Governor Bastine was copied on this email exchange because he was the Board of Governors’ assigned liaison with the Practice of Law Board. The Practice of Law Board was not on the agenda for the Board of Governors’ next two meetings so it came as a surprise when President Gipe attended the Work Group’s final meeting on April 10, 2015, to distribute a formal letter saying the Board of Governors had reached a “consensus” to eliminate the Practice of Law Board.

Neither President Gipe nor Governor Bastine had informed the Practice of Law Board of the Governors’ discussion or sought our input. Because this discussion and decision was not on the Governors’ meeting agenda and is not reflected in any of its meeting minutes, WSBA members and community representatives have also been kept in the dark and prevented from weighing in on an issue many care deeply about.

This was not the first time the WSBA staff had refused our request to distribute materials to the Board of Governors or had excluded us from meetings about the future of our Board and its mission.

For example, when the Board of Governors decided in executive session to tell staff to stop issuing cease and desist letters, the Practice of Law Board was not invited to participate in the Governors’ discussion or even informed that it would take place.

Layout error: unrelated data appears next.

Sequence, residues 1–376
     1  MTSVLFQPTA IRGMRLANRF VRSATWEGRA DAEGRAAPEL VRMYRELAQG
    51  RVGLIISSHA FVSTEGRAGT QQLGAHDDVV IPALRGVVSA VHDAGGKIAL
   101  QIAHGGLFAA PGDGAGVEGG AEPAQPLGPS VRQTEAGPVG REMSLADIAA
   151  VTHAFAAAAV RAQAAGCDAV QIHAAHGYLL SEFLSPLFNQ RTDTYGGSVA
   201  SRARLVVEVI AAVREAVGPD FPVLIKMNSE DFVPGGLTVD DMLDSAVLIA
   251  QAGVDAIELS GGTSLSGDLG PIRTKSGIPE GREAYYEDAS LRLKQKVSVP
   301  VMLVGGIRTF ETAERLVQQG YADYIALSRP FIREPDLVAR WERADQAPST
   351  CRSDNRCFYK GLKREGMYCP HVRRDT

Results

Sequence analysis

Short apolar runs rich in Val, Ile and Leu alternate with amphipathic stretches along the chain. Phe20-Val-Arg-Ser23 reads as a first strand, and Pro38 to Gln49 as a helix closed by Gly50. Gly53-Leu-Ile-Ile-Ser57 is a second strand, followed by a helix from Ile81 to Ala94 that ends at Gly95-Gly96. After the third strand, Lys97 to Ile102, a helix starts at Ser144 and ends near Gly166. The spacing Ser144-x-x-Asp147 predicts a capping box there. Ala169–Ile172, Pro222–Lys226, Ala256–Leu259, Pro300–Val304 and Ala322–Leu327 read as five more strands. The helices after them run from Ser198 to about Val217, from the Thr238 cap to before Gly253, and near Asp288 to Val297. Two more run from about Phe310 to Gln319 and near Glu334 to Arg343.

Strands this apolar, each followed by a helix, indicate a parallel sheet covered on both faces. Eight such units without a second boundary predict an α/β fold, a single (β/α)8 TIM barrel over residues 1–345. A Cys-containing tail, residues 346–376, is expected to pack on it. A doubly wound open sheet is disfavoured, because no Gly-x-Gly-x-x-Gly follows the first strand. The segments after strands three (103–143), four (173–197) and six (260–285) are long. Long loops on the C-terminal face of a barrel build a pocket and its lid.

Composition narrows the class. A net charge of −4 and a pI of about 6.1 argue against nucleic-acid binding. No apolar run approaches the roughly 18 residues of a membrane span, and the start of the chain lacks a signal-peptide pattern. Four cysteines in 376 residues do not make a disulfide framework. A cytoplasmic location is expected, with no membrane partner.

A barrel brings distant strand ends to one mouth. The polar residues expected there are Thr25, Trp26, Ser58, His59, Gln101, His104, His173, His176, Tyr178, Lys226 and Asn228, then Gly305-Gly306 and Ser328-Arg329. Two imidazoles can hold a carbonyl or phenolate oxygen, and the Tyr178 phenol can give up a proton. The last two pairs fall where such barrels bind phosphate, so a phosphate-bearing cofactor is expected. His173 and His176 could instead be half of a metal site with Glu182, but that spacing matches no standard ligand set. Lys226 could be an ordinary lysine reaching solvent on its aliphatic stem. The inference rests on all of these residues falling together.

When the Governors considered the issue, they were not given the Practice of Law Board’s antitrust memo or any other written materials or legal analysis.

Exclusion of the Practice of Law Board from these discussions was not only disrespectful, it prevented us from ensuring that the decisions made about our future were fair and informed.

In contrast, when the Supreme Court’s work group conducted its meetings openly and transparently, we were confident we could persuade the work group members and other stakeholders of the value of the Practice of Law Board and our mission.

The second major obstacle we’ve dealt with in the past two years has been the WSBA’s failure to provide the Board with adequate staff support as required by Board Regulation 3(E) and General Rule 12.2.

While the WSBA’s Assistant General Counsel, Julie Shankland, was assigned the role of Board Administrator, her loyalties were to the WSBA, not the Board. She and her immediate supervisor, General Counsel Jean McElroy, and Ms. McElroy’s immediate supervisor, Executive Director Paula Littlewood, have been affirmatively working against our Board and its ability to function.

The Board lost trust that the assigned Board Administrator would support the Board, its members, or mission. In addition to being disloyal and someone we repeatedly learned we could not trust to work with us, our Board Administrator was disrespectful, hostile, insubordinate, lacked initiative, and was unreliable to the point of being willfully incompetent.

Although her conduct was approved and encouraged by her supervisors, she bore much responsibility for her attitude and poor job performance. Anyone acting like that in the private sector would have been terminated for cause long ago.